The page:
4) Instructions for View A and View B are separated out so you can just follow one of them without thinking twice about if the steps are relevant for your view.

I can imagine that the first three things I've mentioned are a ton of work for pattern designers and I wouldn't expect them all to take the time to do it, but I never realized how much time I spend trying to figure out at which point I am in the construction of a particular view. Since it's a PDF and there is no need to save paper, duplicating instructions in different places doesn't make much difference to the designer, but it makes it easier for the sewist. I hope to see this again in other patterns I buy.

Things that confused me

1) The seam lines vary all over the place - 3/8, 1/2, 5/8, 3/4 inch. I understand having a smaller seam line on the collar but the difference between 5/8 and 3/4 is minimal and it would have been easier to just have a standard seam allowance everywhere except for the collar. It did get me to pay very close attention to the pattern though. So maybe that is a win.

2) There are notches where the seam allowance is (for instance, at the 5/8 mark where they meet up). Maybe to remind you how wide it is? I cut notches without paying attention and then there was very little room to back stitch. I eventually quit cutting notches because I don't find them helpful unless I'm sewing together curved pieces that are hard to match up, i.e. a princess seam, and all of these pieces match up perfectly.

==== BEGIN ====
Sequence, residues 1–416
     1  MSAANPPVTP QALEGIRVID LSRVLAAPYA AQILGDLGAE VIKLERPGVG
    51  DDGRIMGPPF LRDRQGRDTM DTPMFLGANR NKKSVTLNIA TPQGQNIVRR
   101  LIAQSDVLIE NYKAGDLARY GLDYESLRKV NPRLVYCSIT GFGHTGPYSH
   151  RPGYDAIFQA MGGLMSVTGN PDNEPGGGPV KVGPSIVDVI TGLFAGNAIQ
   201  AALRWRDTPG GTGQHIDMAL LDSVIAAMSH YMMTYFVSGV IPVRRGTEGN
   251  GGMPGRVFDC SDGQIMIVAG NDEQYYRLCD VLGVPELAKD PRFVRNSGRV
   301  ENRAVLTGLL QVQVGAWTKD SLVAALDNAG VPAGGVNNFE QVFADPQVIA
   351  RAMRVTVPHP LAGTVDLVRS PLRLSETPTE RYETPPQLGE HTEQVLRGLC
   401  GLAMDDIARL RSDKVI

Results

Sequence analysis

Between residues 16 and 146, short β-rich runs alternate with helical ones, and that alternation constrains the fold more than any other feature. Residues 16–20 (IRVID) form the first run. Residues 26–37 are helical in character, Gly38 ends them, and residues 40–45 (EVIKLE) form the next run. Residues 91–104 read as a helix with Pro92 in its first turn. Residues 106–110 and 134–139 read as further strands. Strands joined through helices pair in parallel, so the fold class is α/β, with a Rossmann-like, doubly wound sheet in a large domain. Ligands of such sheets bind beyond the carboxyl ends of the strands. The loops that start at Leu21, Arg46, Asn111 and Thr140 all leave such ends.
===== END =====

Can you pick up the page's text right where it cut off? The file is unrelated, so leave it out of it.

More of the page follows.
Anyhow, these are small things. I highly recommend this pattern. It should be an easy fit on almost everyone.

I didn't make any significant changes to the pattern. I used a thread loop instead of a fabric loop for the closure, and I hemmed the bottom instead of using bias tape. I did staystitch in more places than were called for. All of the pieces have diagonal or curved edges and I was super worried about the bias stretching out. So if you are a relative beginner, I hope you understand the importance of being careful with bias cut pieces. If not, this is your heads up.

Here are a few more pictures of the finished project. Enjoy my awkward posing, a few interior shots, and a cat.

collins top side view
collins top front view
I thought about ironing for pictures, but it's linen - this is what it looks like.

I thought about ironing for pictures, but it's linen - this is what it looks like.

in the folds collins top interior front
in the folds collins top side view linen
in the folds collins top full back view
in the folds collins top back interior
collins top with cat